The May issue of the Harvard Business Review offers up an ethics problem in its monthly case study: World-Class Bull (subscription required for full article). The three commentaries offer very different reactions to the facts presented in the case study’s fact pattern. John Humphreys, Zafar U. Ahmed, and Mildred Pryor penned the fact pattern.
The case study revolves around the acquisition of a new customer. The existing sales agent was having no luck. A hot shot salesman took on the challenge by using the customer’s love of livestock to generate the relationship and close the sale.
On one hand, you need to applaud the salesman for learning more about the customer and how to engage the customer in a relationship. The ethical issue arises because of the apparent subterfuge of the salesman in engaging the customer and developing the relationship. The ethical issue is raised to a higher level when the sales manager sends an email to the entire sales team applauding the salesman and describing all of the subterfuge in detail.
James Borg, author of Persuasion: The Art Of Influencing People, lauds the salesman for taking the steps to engage the customer on a personal basis. However, he thinks the sales manager should “be hauled in front of the company’s Idiocy Review Board for sending an ill-advised, potentially damaging e-mail.”
Don Peppers and Martha Rogers, the coauthors of Rules to Break and Laws to Follow: How Your Business Can Beat the Crisis of Short-Termism, flat out declare the saleman’s tactics as unethical. They think the company should immediately fire the sales manager, discipline the salesman, send a message to all employees firmly asserting that deceiving customers or prospects is not the Company’s way of doing business, and rewrite the ethics code.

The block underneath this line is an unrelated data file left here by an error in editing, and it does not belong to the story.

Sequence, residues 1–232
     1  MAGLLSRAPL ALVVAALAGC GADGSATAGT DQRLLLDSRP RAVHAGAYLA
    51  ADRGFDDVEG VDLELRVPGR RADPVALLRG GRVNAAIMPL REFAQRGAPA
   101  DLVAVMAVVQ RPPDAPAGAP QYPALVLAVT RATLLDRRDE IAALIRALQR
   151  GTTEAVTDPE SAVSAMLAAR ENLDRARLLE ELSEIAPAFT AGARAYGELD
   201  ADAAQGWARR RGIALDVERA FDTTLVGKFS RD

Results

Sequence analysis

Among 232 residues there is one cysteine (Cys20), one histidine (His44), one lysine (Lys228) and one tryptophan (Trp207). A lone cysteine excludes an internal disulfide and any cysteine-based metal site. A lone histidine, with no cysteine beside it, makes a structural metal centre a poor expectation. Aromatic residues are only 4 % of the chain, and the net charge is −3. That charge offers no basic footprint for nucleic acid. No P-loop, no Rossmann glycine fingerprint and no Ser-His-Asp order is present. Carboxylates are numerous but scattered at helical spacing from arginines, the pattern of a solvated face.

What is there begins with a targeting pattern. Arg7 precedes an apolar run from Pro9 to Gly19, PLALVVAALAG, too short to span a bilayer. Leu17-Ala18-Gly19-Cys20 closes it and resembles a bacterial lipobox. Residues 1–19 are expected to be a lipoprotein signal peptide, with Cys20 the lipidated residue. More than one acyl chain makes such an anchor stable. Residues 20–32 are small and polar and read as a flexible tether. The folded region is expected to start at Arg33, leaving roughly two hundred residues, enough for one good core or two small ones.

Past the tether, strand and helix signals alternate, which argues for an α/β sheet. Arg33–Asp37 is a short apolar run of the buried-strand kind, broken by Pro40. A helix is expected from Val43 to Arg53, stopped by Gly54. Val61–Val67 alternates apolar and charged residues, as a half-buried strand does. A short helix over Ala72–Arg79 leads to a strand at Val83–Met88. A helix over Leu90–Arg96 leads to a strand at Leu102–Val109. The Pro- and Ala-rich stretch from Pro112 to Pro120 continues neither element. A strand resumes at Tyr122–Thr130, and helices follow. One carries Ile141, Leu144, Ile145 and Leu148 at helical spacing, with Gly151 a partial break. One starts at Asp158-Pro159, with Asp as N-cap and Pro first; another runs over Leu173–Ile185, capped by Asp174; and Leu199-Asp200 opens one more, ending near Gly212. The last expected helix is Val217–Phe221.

Kirk O. Hanson, the University Professor of Organizations and Society and the executive director of the Markkula Center for Applied Ethics at Santa Clara University in California, thinks the company should publicly reprimand the salesman and doubts that the sales manager is salvageable.
I see a problem with the salesman’s tactics, but I would not be so harsh as to pass judgment without an investigation and without reviewing the company’s code of ethics. There is flat statement in the case study by the salesman that he didn’t violate a single item in the ethics code. To me it seems hard to punish the salesman if he didn’t violate the company’s policies or ethics code. Since the conduct seems questionable, perhaps there is a flaw in the ethics code. I agree with Peppers and Rogers that you may need to rewrite the ethics code. Of course, it could also be that the salesman did know the content of the code of ethics.
Like the other commentators I have a bigger problem with the sales manager for not recognizing the ethical problem and sending out the laudatory email without a review or investigation. That is the bigger failure. For a company to maintain high ethical standards, front-line managers like the sales manager are key. They must understand how the actions by the people they manage affect the long term success of the company. The sales manager failed this test.